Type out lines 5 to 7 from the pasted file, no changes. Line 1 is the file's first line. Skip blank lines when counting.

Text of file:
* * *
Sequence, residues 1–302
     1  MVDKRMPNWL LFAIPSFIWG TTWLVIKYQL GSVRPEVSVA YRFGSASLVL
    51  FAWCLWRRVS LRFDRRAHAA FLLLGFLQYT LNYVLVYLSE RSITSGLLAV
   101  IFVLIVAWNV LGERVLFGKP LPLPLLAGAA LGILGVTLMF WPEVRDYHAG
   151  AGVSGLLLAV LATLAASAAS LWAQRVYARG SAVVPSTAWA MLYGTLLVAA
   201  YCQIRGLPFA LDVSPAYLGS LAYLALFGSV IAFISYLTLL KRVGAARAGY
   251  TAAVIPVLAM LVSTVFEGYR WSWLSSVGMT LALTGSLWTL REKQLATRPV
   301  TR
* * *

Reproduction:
   151  AGVSGLLLAV LATLAASAAS LWAQRVYARG SAVVPSTAWA MLYGTLLVAA
   201  YCQIRGLPFA LDVSPAYLGS LAYLALFGSV IAFISYLTLL KRVGAARAGY
   251  TAAVIPVLAM LVSTVFEGYR WSWLSSVGMT LALTGSLWTL REKQLATRPV